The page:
There are times when I really feel that modern girls are being ripped off in their YA. I grew up reading old WWII era Stories for Girls inherited from my grandmother and mother and let me tell you, restrictive gender roles and all, they let girls do more stuff than most of the current crop. And a lot of them were written around Girls Finding Their Calling rather than Girls Finding Their True Love.
In ‘A Friend for Frances’, Frances has to deal with the realities of being from a poor farming family and convince her parents to spend extra money on letting her go to a good school. She succeeds! She finds a best friend, learns about working hard to achieve your dreams, and ends the book a) all set to pursue her dream of gardening as a career and b) going to Holland to see the tulips because flowers are kind of her life. The only dudes involved in the story are her father, her brother, her best friend’s semi-present father and the Curmudgeon With A Heart Of Gold who gives her an after-school job.
In ‘Nancy Calls The Tune’, Nancy is a gifted musician and trained organist who takes a job in a church to free up the male organist to enlist and Do His Duty. Nancy and her housemate get jobs, work hard, Nancy helps maintain morale for the whole village and meets a nice man who respects her work-ethic and the housemate coerces a pilot into taking her over the channel to rescue her sister who is trapped Behind Enemy Lines. Some of the Patriotic Yay War Boo Cowardice stuff is pretty on the nose, but it still had a lot of Girls Doing Things.
In the entirety of the Swallows and Amazons series the girls were absolutely as competent as the boys when it came to sailing, exploring, and Making Up Cool Shit, and significantly more competent in the areas of cooking, supervising younger siblings, and making fires that wouldn’t go right out. It’s stated repeatedly in text that Susan, the ‘domestic one’, is the only reason they’re allowed to do most of it because she’s the one the parents can count on to make sure that Meals, Bedtime And Basic First Aid are applied at appropriate times. The assorted parents make it very clear to all the kids that John and Nancy may be the ships’ captains but SUSAN IS IN CHARGE IF YOU DISOBEY HER YOU WILL NEVER CAMP AGAIN.
‘The Daring Of Daryl’ features Daryl who is just SO EXCITED TO GO TO BOARDING SCHOOL THAT SHE RIDES A TRAINED BULL TO THE STATION RATHER THAN MISS THE TRAIN. An actual bull. Usual school story hijinks ensue, but I remember the book fondly to this day for Daryl’s almost Australian eagerness to embrace personal danger and sports. Again, very few dudes.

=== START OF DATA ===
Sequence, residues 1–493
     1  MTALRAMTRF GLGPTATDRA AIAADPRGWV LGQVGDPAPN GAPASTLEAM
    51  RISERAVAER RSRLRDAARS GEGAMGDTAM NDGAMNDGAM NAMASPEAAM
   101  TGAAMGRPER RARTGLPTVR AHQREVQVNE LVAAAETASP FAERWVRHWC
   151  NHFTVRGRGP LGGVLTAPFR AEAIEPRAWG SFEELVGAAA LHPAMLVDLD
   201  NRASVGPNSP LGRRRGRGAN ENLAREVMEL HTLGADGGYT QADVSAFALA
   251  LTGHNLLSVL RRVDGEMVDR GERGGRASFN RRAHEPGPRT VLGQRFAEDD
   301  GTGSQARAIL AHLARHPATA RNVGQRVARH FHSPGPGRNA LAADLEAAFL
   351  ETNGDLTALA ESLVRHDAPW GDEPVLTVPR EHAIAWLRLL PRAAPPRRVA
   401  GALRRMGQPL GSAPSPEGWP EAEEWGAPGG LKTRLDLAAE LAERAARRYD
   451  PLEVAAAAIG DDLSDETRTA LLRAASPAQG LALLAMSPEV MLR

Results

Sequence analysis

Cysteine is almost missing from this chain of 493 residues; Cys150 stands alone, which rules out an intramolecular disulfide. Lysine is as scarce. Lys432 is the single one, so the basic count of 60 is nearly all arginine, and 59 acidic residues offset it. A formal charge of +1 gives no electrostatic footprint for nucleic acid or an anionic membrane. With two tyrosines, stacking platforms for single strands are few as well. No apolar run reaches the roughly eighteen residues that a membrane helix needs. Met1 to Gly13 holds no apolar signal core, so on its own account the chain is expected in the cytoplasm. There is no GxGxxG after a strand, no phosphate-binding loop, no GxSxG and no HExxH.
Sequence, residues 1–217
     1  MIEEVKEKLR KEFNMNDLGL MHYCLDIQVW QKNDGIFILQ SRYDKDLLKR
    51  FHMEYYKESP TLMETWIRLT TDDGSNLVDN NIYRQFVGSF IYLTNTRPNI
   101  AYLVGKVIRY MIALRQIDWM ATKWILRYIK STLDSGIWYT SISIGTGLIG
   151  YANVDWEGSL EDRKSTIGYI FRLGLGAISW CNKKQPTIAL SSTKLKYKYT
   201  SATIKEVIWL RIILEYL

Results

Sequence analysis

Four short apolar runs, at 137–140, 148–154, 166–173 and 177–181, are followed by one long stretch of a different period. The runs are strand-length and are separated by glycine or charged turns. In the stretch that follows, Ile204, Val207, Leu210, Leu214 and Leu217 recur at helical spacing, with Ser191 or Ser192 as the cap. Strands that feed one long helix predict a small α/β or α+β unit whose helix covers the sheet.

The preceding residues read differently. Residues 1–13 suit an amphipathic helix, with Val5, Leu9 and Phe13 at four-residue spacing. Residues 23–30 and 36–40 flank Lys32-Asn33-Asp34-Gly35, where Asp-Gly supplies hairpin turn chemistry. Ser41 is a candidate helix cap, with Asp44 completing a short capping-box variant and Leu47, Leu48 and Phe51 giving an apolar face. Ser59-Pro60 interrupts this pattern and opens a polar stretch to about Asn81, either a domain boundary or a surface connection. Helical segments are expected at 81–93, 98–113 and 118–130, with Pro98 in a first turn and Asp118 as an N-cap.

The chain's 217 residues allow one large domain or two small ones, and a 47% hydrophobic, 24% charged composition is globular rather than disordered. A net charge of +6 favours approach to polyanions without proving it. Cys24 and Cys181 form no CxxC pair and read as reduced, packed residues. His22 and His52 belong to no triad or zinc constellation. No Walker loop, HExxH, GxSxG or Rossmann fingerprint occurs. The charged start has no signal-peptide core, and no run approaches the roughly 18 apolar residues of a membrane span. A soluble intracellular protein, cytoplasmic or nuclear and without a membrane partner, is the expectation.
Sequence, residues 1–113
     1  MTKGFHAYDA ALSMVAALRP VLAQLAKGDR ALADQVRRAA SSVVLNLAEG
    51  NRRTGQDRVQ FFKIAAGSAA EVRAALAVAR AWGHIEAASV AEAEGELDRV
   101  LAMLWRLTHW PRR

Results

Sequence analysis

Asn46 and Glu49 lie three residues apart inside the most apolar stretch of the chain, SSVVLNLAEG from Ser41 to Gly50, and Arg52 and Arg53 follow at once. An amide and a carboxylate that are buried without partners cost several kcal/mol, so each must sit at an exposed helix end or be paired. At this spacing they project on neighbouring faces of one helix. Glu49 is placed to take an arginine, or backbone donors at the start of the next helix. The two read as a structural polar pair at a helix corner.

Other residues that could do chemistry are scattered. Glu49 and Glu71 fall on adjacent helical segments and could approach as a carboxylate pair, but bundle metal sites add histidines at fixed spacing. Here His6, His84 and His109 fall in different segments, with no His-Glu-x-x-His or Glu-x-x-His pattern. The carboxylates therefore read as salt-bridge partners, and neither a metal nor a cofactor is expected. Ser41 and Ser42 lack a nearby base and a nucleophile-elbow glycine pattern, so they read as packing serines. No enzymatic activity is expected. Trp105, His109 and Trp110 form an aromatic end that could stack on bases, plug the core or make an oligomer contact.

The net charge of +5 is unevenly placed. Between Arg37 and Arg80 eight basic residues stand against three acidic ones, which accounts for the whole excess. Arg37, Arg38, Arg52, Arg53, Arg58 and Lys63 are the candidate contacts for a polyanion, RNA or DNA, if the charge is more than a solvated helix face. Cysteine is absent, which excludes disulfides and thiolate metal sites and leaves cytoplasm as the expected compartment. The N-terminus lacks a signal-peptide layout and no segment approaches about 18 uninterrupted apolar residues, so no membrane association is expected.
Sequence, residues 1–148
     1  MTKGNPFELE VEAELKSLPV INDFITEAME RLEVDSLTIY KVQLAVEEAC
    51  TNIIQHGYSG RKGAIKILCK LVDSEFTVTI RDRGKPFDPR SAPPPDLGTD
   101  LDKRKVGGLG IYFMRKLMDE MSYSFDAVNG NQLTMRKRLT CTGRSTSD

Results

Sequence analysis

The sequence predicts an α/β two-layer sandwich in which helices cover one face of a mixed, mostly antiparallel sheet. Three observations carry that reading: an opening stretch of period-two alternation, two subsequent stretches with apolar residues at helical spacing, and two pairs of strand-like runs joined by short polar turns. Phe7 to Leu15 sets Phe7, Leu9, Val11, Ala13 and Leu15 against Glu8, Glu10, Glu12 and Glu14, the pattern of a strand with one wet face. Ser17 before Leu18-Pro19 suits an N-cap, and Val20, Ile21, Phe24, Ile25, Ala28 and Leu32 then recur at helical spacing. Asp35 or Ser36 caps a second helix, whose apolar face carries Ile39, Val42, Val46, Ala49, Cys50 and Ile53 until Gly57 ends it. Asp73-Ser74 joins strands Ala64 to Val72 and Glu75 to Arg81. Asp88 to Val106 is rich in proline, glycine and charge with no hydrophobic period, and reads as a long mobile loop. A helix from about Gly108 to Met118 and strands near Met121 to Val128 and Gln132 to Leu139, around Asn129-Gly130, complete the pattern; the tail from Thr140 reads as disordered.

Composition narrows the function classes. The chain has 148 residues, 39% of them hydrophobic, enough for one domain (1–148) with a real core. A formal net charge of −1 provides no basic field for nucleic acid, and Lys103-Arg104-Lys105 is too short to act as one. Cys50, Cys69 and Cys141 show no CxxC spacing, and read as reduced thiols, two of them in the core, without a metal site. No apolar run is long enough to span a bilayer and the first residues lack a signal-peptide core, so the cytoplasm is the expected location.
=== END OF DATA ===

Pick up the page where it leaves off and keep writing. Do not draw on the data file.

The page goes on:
It’s a bit older, but ‘Rilla of Ingleside’ is to this day one of the only WWI novels not only centered around almost exclusively female characters, but about girls who were at home, trying to cope with rationing and fundraising and answering the phone when any call might be to inform them of a death in the family. Rilla, a slightly spoiled teenager when the story opens, pulls her socks up and grimly soldiers on throughout. She raises money, knits socks, tries to keep her parents spirits up as their sons enlist one after another, somehow holds the family together when one of her brothers dies, and - with nobody blinking an eye - at fifteen adopts a war baby whose mother has died and whose father is overseas and takes care of it until the father comes back. There is a romance, but given that he’s also at war most of the time you don’t see much of him.
‘Dragon Island’ featured three girls who were shipwrecked (if I remember right) on an island with a significant komodo dragon population. They survived and didn’t get eaten and were generally plucky and good at problem-solving. They fished, scavenged, built shelters, all the good stuff. No romance unless you shipped the girls and let me tell you I did.
And there were innumerable Girl’s Own Stories and Girl’s Annuals and Girls Own Adventures in which girls scaled cliffs, captured spies, raised money for charities, thwarted evil capitalists trying to take the family farm, rode horses, saved injured animals, learned instruments, bested bullies, befriended strangers, went to sea, hiked up mountains, found treasure, put on shows, won scholarships, helped old people, won academic prizes, put out fires, and generally MADE FRIENDS WITH GIRLS AND DID ALL THE THINGS.
And every time I pick up a modern YA there’s at least one boy mentioned on the cover and Is It True Love and I just really miss the days when plucky, independent girls named Kate or Debbie or Susan or Abigail or Samantha were allowed to wear sensible shoes and pursue wildly varying hobbies and careers and solve their own problems that did not center around boys. Boys frequently did not even intrude on the narrative except as Annoying Brothers or Helpful Stable Hands.
I grew up reading stories in which heroines were expected to be plucky, tough, resourceful, independent, good at problem solving, unafraid of hard work and good human beings. My daughter is growing up reading stories about girls who fall in love and maybe, like, do some other stuff. I do not like this trend.
TLDR: I am old people and stories for girls were better in my day because there weren’t so many dang boys in them and also girls were allowed to do more things.
These were our founders: imperfect men in a less than imperfect nation, grasping at opportunities. That they did good for their country is understood, and worth celebration; that they were jealous, resentful, self-protective, and covetous politicians should be no less a part of their collective biography. What separates history from myth is that history takes in the whole picture, whereas myth averts our eyes from the truth when it turns men into heroes and gods.